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Discussion

The primary goal of the Resident Wellness Time-Off Policy was to provide a mechanism for residents to take time off to attend to personal and family health care needs. Twenty-four months after the policy was implemented, the vast majority of residents were aware of the policy’s existence, and slightly less than half of the residents who knew about the policy had used it.

Although awareness of the policy was very high (436; 89%), and nearly one-half of those aware used the policy, it is difficult to know what the optimum usage should be. Ninety-five (43%) residents who were aware of, but did not use, the policy reported that they did not need to use it. Among the users, 158 (73%) reported using the policy to seek preventive health care. Further study will be needed to determine whether increased use of the policy would further increase the number of residents obtaining preventive health care. It is encouraging that 73% of our cohort used the policy for preventive health care while only 63% of a demographically similar subgroup of the 2011 Behavioral Risk Factor Surveillance System had a routine checkup within the past year.8

In terms of ease of use and barriers to use, the majority of residents found the policy easy to use, and the majority of program directors were both aware of the policy and communicated it to their trainees. Only a very small number of residents reported their program’s being unsupportive of the policy as a barrier to its use. Another potential barrier to use could have been concerns over a loss of privacy through program administrative tracking; however, many programs did not track use of the policy at all, and the majority of those that did tracked only names and number of days used. Only a small number of programs acted inappropriately by tracking the reason for using the policy. This was strongly discouraged so that residents could confidentially use these half days for counseling services. Although the intent of the policy was to have program directors assign four half days to all residents in advance, similar to the prospective assignment of vacation time, 47% of program directors scheduled time off only when a request was made by the resident. It is unclear how much the mechanics of this process interfered with use. Given that all residents take their assigned vacation time without concern about the effects on peers, perhaps aligning this policy with the philosophy and scheduling approach to vacation use and insisting that this approach be adhered to would increase use.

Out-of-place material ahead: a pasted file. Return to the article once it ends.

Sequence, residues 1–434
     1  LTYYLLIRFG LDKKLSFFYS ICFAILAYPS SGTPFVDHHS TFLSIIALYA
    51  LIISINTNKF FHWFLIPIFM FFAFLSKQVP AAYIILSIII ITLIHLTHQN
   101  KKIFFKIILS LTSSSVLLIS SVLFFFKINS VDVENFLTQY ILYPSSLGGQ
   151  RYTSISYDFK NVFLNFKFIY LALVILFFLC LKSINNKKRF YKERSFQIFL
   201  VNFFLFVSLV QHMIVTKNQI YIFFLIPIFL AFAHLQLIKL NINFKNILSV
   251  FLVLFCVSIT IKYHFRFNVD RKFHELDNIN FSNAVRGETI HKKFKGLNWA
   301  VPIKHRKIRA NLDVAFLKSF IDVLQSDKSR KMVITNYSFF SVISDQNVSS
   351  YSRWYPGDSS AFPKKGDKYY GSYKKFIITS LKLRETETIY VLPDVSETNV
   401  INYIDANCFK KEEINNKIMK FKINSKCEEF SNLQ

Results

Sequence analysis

One of the most important barriers to and concerns about use was residents’ apprehension about the impact of their absence on their peers and, to a lesser degree, on patient care. These are similar to barriers preventing resident health care access previously reported in the literature.7,9,10